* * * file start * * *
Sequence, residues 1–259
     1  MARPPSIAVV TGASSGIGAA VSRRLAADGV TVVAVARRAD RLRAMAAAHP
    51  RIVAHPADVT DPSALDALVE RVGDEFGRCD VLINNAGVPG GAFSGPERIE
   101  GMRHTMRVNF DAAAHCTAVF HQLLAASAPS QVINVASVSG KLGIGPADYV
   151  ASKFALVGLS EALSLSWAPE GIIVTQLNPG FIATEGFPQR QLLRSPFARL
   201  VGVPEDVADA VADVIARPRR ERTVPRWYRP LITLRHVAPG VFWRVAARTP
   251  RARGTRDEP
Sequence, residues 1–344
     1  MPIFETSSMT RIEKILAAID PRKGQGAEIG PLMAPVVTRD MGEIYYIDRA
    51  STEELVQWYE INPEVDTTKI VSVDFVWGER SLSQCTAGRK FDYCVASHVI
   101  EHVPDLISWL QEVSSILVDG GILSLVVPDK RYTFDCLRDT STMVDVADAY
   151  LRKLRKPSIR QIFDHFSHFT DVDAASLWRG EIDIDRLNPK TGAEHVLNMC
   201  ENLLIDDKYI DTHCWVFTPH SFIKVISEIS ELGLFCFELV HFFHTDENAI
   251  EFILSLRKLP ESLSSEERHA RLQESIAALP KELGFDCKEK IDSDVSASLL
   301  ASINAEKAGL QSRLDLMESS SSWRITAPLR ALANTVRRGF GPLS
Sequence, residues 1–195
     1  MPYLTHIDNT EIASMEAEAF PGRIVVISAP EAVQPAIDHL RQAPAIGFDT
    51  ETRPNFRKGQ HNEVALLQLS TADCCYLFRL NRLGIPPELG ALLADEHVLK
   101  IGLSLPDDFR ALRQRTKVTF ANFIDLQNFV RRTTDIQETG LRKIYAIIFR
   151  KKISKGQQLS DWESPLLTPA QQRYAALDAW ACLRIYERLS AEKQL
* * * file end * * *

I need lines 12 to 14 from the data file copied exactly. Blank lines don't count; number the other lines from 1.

   151  LRKLRKPSIR QIFDHFSHFT DVDAASLWRG EIDIDRLNPK TGAEHVLNMC
   201  ENLLIDDKYI DTHCWVFTPH SFIKVISEIS ELGLFCFELV HFFHTDENAI
   251  EFILSLRKLP ESLSSEERHA RLQESIAALP KELGFDCKEK IDSDVSASLL